Written by guest Kevin Pereira, Blu Artificial Intelligence
As a part time lecturer at the University of Hong Kong (HKU) and Hong Kong University of Science and Technology (HKUST) and my consulting work at Blu Artificial Intelligence, I’m often asked how AI will impact education in the future. We tend to see popular media pushing the narrative that AI will take over teaching. I take the opposing view. AI will not replace teachers. If anything, AI will become a new tool in a teacher’s toolbox. AI will free teachers from administrative burdens, give them insights on student development, and let them focus on what they do best – helping students grow.
The truth is that today we are still quite far away from having robots and AI surpassing human beings. However, AI does tend to perform very well at repetitive, structured and well-defined tasks. Hence the belief that AI will take away our jobs tomorrow in my view is quite far-fetched. If anything, we should think about task automation rather job automation. Most jobs are made up of certain tasks, each of which may or may not be easily automatable. We can each look at our own job, consider the tasks & skillsets that are hard to automate, and then focus on those areas for professional development.
Let us take teaching as an example. With the recent restrictions from COVID-19 a lot of the classes I teach have moved fully online. I started teaching in 2018 so I did the class in-person the year before. When I compare online and in-person, I find that student interaction is much easier to facilitate in-person. There’s very little “please unmute your mic”, or “can you repeat, you’re cutting out” and my personal favourite, “can you HEAR me?” with the entire class responding “yes, we can”. It is also easier to get feedback, both verbal and non-verbal, from students. Are they laughing with you or at you? Given my jokes, perhaps I should leave this question unanswered for myself.
This confirmed to me that human interaction is an important part of education. When I ask students for feedback on the class, almost all preferred an in-person class. This also jives with my views on tasks that are hard to automate. Generally, anything requiring human interaction is a challenge for AI because people react differently to the same stimulus. The fact that A+B does not always equal C is a problem for AI. AI has started to address this with larger data sets and training, but it is not easy.
The big question then is what does this mean for teachers? I believe AI will augment our ability to be productive. This means that teachers will work with AI tools to create better student experiences. For example, AI can take over structured and repetitive administrative tasks. Grading is a prime example, and it brings back some memories for me. When I was little, my mom, who has been a teacher most of her career, used to get me to help her mark her students’ multiple-choice tests. After bribing me with my favourite candy, I would happily read off “A,C,D,E,B…” into the wee hours of the night.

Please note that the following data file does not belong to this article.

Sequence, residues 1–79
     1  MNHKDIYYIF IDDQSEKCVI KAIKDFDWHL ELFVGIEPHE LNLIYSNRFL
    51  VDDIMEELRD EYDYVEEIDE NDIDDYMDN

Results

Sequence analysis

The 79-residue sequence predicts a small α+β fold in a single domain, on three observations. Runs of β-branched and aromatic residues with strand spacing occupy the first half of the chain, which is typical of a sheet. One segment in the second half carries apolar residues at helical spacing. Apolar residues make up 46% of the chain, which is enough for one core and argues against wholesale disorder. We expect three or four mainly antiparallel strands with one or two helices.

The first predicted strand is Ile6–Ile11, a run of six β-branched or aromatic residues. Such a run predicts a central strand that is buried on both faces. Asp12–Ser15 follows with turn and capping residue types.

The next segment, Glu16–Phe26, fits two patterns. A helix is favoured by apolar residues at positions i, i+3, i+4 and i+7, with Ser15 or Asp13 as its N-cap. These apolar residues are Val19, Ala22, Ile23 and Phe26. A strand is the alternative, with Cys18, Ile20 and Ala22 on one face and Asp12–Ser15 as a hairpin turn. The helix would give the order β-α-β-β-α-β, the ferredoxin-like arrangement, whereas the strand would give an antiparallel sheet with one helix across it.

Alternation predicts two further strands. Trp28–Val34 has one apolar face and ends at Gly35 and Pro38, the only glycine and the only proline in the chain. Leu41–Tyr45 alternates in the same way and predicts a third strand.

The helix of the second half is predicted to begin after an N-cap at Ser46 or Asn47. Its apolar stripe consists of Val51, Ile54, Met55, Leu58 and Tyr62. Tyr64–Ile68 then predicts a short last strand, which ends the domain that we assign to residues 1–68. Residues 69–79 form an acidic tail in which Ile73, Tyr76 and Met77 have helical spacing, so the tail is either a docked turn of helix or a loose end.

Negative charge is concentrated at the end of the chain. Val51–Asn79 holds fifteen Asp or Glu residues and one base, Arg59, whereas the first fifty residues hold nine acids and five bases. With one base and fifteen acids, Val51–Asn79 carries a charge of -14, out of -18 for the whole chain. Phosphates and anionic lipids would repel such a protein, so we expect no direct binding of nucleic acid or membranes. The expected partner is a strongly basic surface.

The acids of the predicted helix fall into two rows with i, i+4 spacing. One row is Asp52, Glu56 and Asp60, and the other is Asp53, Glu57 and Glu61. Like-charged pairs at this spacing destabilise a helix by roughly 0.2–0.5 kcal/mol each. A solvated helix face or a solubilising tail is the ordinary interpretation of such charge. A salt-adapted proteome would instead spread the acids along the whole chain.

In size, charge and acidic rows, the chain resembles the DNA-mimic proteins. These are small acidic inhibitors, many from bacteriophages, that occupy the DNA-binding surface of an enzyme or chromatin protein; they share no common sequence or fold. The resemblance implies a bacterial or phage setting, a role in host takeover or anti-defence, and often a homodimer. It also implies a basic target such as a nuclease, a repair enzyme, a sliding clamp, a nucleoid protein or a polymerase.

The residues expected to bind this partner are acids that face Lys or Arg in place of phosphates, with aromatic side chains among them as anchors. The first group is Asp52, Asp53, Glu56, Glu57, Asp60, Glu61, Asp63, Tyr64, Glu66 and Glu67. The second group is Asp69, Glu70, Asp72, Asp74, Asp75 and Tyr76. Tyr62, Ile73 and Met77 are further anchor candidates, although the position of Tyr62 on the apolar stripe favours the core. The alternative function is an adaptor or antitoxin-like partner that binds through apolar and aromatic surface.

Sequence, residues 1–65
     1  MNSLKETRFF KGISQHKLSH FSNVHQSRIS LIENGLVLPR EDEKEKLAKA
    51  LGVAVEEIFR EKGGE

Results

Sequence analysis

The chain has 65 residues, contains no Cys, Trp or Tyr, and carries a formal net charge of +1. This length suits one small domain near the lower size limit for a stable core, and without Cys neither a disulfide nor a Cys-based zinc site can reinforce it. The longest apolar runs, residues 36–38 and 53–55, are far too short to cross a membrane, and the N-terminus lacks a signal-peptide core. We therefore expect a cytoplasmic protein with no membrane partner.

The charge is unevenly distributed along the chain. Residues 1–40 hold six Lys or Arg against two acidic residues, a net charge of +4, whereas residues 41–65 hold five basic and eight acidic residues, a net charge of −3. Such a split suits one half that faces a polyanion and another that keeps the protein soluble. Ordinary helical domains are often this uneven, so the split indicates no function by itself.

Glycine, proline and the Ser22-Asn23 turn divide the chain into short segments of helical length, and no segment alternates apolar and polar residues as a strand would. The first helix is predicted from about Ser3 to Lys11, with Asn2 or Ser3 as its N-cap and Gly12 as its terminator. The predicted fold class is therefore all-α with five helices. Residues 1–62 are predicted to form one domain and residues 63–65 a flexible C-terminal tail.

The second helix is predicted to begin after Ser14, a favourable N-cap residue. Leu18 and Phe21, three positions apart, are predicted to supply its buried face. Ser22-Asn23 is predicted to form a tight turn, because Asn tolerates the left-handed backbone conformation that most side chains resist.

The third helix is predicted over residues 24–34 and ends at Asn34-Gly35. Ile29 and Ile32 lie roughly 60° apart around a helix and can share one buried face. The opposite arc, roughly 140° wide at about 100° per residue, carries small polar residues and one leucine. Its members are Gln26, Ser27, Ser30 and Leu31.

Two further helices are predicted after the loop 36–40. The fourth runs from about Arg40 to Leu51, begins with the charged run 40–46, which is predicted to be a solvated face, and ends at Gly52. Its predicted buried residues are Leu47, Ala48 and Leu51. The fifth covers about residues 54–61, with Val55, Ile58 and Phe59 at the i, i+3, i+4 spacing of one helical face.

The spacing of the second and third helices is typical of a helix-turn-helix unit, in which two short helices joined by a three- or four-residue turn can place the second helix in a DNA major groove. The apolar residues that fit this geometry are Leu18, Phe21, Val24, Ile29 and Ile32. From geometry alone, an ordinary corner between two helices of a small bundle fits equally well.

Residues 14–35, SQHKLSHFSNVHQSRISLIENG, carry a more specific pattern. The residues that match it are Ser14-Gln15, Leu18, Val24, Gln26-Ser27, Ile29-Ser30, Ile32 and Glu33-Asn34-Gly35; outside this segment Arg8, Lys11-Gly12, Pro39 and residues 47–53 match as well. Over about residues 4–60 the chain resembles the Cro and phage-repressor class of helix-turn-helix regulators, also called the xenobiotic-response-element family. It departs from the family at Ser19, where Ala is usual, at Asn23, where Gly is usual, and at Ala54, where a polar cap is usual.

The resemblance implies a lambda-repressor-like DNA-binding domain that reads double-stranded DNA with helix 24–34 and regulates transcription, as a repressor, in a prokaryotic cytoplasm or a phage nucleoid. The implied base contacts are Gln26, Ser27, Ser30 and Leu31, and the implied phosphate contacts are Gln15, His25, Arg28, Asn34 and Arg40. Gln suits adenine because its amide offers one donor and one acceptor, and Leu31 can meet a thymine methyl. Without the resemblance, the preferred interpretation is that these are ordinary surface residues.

Today, we have Scantron sheets for multiple choice grading. Soon, with an area of AI called Natural Language Processing (NLP), AI tools will be able to ‘read’ free form text responses and do the grading. I can testify that student handwriting standards have dropped, but if we give the AI enough data (handwriting samples) this can be addressed. Students could also type their responses, which negates the handwriting problem. On top of this, machine learning tools can construct ‘student profiles’ from grades to track their progression and identify development areas.
I know that many teachers, whether they admit or not, are reluctant to work with AI, and that is totally understandable. The AI isn’t perfect and will make mistakes. To expect otherwise is setting ourselves, and AI, up for failure. However, the potential to free up teachers to do what they do best is something that I feel needs to be explored.
If you’re scared about being substituted by AI, please take solace from students today who say they can’t wait to get back to the classroom. They need you. With that in mind, all I ask is that you stay open to AI augmentation and its potential to help you and your students.
If you found this interesting and would like to discuss further, feel free to reach out to me at firstname.lastname@example.org.
Kevin Pereira is currently a Managing Director covering Financial Services for Blu Artificial Intelligence, a consulting firm that specializes in Artificial Intelligence.
After growing up in Hong Kong, he started his career in Private Banking with Citi in New York working within both the Investments and Relationship Management areas. He then moved back to Hong Kong and joined Bank of New York Mellon’s Asset Management business, where he helped to start a new group that specialized in products tailored to High Net Worth Individuals.
Post business school, Kevin worked at a technology startup in Myanmar that was building out internet infrastructure which included fiber optic, cell towers and data centers. In this role, he spent half his time with the Venture Capital firm in Hong Kong and the rest on the ground with the portfolio company in Myanmar. Kevin is also a Visiting Lecturer at the University of Hong Kong (HKU), where he teaches a full- credit MBA course titled, “Artificial Intelligence for Business Leaders”. He also lectures at the Hong Kong University of Science and Technology (HKUST) where he teaches “Big Data in Finance”.
Kevin graduated cum laude with a Bachelor of Science in Economics with concentrations in Finance, Management and Marketing from the Wharton School at the University of Pennsylvania. He also has an MBA from INSEAD.